Let’s tackle the difficult question: what do we think about Frank Gehry doing this project in our neighborhood? Our typical answer: Gehry is known to be a great architect, but there are real problems with this project.
Well-known architects can pick and choose commissions, and if a client proposes a direction that is not of interest, they can always decline to participate. Lesser known architects work at the behest of the client, knowing that satisfied clients will give them more work. A star architect plays to a different audience: his place in history. It behooves him to do the right thing, or to not do it at all.


Posted by lumi at 8:10 AM

Jobs at Atlantic Yards: overpromised from the start (and here's another reason)

jhhbutton-temp.jpgTimesRatnerReport sifts through reams of reports to find that the numbers show that the demand for office space in Brooklyn is dubious and falling, and that Brooklyn's biggest developer, Forest City Ratner, probably knew that all along.

[The Downtown Brooklyn Plan's] November 2003 Draft Environmental Impact Statement suggests that Forest City Ratner should have known that the market for additional office space was questionable, even office space well-located at a transit hub, as at the proposed Atlantic Yards. But the slogan "(Temporary Construction) Jobs, Housing, and Hoops" wouldn't work as well.


Posted by lumi at 7:43 AM

Where Old and New Collide

pratt02.jpgThe Metropolis review of the new addition at the architecture school at Pratt Institute, by Fred A. Bernstein, references Frank Gehry's suggestion to Bruce Ratner to bring other architects on board and examines how different styles of architecture not only can co-exist, but make for a more vital urban environment.

When Frank Gehry was hired to design the vast Atlantic Yards complex in Brooklyn, he tried to persuade developer Bruce Ratner to assign parts of the project to other architects. Gehry told me he was worried that by handling the entire job himself he would deprive Brooklynites of the variety of styles that makes cities generally (and their borough in particular) vital. Some kinds of architecture, he seemed to say by asking Ratner for help, are most effective when forced to coexist with other kinds of architecture.


So far Gehry hasn't convinced Ratner to farm out parts of Brooklyn's Atlantic Yards. But proof of the wisdom of his approach to urbanism is visible just a mile away, where a new building for the architecture school at Pratt Institute opened last year. Steven Holl's 22,500-square-foot light box, known as Higgins Hall, slips cleanly between a pair of elaborate nineteenth-century buildings. Holl's glowing object would have looked out of place (even otherworldly) on an empty lot. Paradoxically it seems right at home sharing a block front with the two Victorian-era structures, which have themselves been smartly updated by Rogers Marvel Architects (who were also architects of record for the Holl addition).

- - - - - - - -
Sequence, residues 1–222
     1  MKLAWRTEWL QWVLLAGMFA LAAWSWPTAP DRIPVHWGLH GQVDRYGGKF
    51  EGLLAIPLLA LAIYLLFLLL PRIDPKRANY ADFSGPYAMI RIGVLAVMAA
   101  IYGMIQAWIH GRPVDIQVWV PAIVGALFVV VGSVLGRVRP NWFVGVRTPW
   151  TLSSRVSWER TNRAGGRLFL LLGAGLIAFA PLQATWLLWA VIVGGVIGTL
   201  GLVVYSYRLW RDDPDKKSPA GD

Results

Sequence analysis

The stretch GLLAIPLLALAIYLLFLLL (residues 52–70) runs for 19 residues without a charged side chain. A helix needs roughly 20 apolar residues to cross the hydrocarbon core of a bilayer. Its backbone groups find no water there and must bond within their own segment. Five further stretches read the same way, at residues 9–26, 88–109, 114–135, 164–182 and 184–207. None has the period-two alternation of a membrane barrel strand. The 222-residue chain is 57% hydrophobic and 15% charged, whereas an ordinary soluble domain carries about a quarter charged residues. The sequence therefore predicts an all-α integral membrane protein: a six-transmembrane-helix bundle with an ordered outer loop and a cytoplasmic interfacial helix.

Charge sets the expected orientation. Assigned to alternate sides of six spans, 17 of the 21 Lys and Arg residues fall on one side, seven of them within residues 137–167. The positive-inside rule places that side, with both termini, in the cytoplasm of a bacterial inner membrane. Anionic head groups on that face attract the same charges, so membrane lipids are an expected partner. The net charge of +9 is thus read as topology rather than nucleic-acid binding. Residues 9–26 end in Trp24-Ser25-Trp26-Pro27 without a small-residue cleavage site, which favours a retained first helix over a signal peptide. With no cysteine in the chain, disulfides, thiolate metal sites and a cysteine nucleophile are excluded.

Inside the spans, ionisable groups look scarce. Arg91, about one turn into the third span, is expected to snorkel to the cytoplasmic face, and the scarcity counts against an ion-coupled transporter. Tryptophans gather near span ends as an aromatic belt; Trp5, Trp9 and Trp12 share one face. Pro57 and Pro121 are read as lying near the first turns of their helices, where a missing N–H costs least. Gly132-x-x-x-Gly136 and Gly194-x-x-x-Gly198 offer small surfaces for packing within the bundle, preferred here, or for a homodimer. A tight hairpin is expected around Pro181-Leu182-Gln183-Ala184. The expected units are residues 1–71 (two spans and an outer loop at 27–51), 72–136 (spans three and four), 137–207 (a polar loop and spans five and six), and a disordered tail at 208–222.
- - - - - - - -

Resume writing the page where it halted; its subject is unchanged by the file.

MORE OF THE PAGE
Posted by lumi at 7:05 AM

January 16, 2006

Property Rights is a Civil Right

king-gandhi.jpgThe Rev. Dr. Martin Luther King, Jr. was one of the first civil-rights activists to speak publicly about civil rights beyond the rubric of race, which, at the time, was to the dismay of many in "the movement."

In 2005, the Southern Christian Leadership Conference filed a friend of the court brief in support of the homeowners in the case of Kelo v. New London. The organization, founded by Dr. King, recognizes that, in order to protect civil rights, they must extend their support and the public discourse beyond the debate of equality for all races. For the civil-rights movement to endure, equality must be extended to all those who are disenfranchised.

In recent times, Liberals have watched the "war against poverty" turn into the war against the poor, while Conservatives have witnessed the fight for the individual against the power of special interests become a campaign especially in the interests of the powerful. Both groups have watched in dismay as eminent domain, the government seizure of private property, has become a coercive tool used to benefit private real estate development.

Americans are beginning to understand that eminent domain generally displaces those who are poor and politically disenfranchised for the benefit of the wealthy and politically connected and that property rights is a civil right.

Posted by lumi at 8:59 AM

The Kings (Martin Luther & Albert) highlighted in Ratner-sponsored Brooklyn hoops tourney

SponsoredByFCR.jpgTimesRatnerReport checked out the Seventh Annual Basketball Challege, where Forest City Ratner was the headliner and got marquee billing for their sponsorship of the event (declared by the curious type treatment on the program).

The event was held in celebration of Dr. Martin Luther King. Local hoopster Albert King made an appearance (Albert replaced his brother Bernard, who held the gig until he had a run-in with the law).

All fodder for the next issue of the Brooklyn Standard...